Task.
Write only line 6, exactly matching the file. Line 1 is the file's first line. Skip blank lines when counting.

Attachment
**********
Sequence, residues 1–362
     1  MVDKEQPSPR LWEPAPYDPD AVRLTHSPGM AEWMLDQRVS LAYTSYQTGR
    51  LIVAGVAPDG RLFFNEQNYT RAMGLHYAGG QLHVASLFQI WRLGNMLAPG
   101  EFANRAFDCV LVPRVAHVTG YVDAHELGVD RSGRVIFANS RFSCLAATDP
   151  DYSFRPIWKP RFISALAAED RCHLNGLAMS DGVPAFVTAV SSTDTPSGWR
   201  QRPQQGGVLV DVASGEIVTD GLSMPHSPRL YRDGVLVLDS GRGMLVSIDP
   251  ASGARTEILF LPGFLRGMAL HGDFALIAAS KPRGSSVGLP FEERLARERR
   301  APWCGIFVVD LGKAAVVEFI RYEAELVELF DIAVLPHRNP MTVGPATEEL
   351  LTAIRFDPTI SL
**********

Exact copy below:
   201  QRPQQGGVLV DVASGEIVTD GLSMPHSPRL YRDGVLVLDS GRGMLVSIDP